From tsunami to head honcho, English boasts no end to Japanese loan words. Artsy chefs now talk of umami and revelers belt out karaoke, so it is no surprise to see the Merriam-Webster dictionary honoring another new arrival: emoji, familiar to mobile users worldwide.

A nod and a wink

Emoji are graphical pictograms that inject color and commentary into text communication.

More than 800 emoji are available for iOS devices, including such absurdities as blowfish, poodles and feces.

By 2016, Apple is expected to introduce 38 new ones in response to popular demand: Online requests have called for graphical representations of the words selfie, avocado, and bacon, as well.

The term comprises the Japanese words “e” (picture) and “moji” (character).

Smile, it helps

Emoji help people express their feelings more directly, said Ayumu Arakawa, an associate professor at Musashino Art University who studies nonverbal human behavior.

“Studies show sending messages with emoji conveys what people want to say more precisely than doing so without them,” Arakawa said.

He added doing so grabs people’s attention visually — in the same way that meeting someone in real life conveys so much more than merely hearing their voice on the telephone.

In addition, using emoji allows people to personalize their messages according to their own taste. This is one reason why individualists tend to be the correspondents who pepper their messages with the images, he said.

So sorry

Emoji may be a norm for communication between young people, but misuse can create misunderstandings.

Moreover, excessive reliance on emoji can lead to their creeping into inappropriate venues. Takachiho University associate professor Koichi Kobayashi in January was widely reported to have complained on his Twitter account that students even insert emoji into their graduation theses.

Emoji may be in universal use, but Apple recently felt there was a need to create different sets for people of different ethnic backgrounds, adding a variety of differently colored human faces.

The move misfired. Some Asian Internet communities ridiculed the default color used for emoji faces as racist: It was bright yellow.

Fun facts

Different nationalities use emoji differently.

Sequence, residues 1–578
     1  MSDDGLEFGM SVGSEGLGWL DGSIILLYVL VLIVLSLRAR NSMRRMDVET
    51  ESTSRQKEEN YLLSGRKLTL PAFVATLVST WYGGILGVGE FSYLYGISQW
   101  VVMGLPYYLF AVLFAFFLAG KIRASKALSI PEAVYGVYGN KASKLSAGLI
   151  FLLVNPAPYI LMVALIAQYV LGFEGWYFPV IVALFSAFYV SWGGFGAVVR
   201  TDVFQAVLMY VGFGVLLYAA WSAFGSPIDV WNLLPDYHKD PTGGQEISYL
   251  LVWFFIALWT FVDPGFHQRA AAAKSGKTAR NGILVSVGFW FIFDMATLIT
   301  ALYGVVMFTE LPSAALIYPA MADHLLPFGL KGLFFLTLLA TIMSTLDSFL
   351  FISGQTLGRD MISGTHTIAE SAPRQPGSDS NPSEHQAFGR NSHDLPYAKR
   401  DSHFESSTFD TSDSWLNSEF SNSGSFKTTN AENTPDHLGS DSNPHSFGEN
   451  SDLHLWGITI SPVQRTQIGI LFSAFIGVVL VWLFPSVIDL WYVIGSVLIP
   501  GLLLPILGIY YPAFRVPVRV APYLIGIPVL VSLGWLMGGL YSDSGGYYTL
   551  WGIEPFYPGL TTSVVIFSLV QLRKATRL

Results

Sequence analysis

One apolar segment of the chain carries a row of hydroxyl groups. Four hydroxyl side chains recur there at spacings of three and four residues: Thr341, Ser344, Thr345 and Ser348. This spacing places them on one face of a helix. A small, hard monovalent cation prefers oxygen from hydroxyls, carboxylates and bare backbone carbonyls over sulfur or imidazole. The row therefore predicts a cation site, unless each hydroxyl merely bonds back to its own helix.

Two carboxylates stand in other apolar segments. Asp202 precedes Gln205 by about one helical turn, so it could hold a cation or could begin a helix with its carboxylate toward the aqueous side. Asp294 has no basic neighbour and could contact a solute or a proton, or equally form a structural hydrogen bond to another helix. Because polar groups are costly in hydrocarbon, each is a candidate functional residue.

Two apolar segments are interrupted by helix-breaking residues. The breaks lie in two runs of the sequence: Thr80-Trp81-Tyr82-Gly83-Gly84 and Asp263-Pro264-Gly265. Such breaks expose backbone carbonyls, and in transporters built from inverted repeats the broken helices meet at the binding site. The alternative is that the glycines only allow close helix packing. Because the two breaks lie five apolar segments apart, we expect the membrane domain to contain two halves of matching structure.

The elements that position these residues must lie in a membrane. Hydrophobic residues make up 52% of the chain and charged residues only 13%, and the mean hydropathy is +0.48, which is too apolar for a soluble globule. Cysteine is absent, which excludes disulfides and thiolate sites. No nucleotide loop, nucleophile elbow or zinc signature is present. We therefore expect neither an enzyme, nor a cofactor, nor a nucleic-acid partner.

According to the SwiftKey Emoji Report of April 2015, French speakers use heart emoji about four times more on average than people in other countries.

Australians use alcohol-related emoji twice as often as others. They also lace their messages with 65 percent more drug emoji.

The same research found Canadians are more likely to use emoji that are typically considered to be American stereotypes, such those related to money, guns, sports and sexual innuendo, such as eggplant.

Americans, by contrast, tend to use skulls, technology, meat and LGBT-related emoji more often than others.

The Arab world was all flowers and fragrance: The report found that Arabic speakers use blossoms and plants four times more than the global average.

Meanwhile, U.S.-based matching service Match.com’s annual Singles in America survey in 2015 found that people who use emoji in texts had more sex monthly than those cold fish who don’t.

Do you know your emoji?

While most emoji are self-explanatory, a few might mystify texters unfamiliar with Japan.

Here are a few of the more easily misunderstood hieroglyphics:

Left: OK, that means dash, not expelling gas.
Center: Anime fans should recognize this symbol, which means frustration and anger
Right: Not a shooting star but actually a sign for feeling dizzy.

Left: Praying? High-five? This is a common gesture in Japan when people are asking for forgiveness.
Center: Contrary to popular opinion overseas, this emoji shows a man bowing deeply, not doing a push-up.
Right: The pink shirt lady is making an “O” with her hands as in “OK,” although it may look like she’s performing a pirouette

Left: It doesn’t mean you love your phone, but is instead the symbol for putting your phone into manner mode.
Center: Upside down “Star Trek” symbol? No, it’s actually the “shoshinsha” mark for new drivers in Japan.
Right: Here’s your gold star if you knew that reads “Taihen yoku dekimashita” (“You did well”), and is basically a stamp of approval.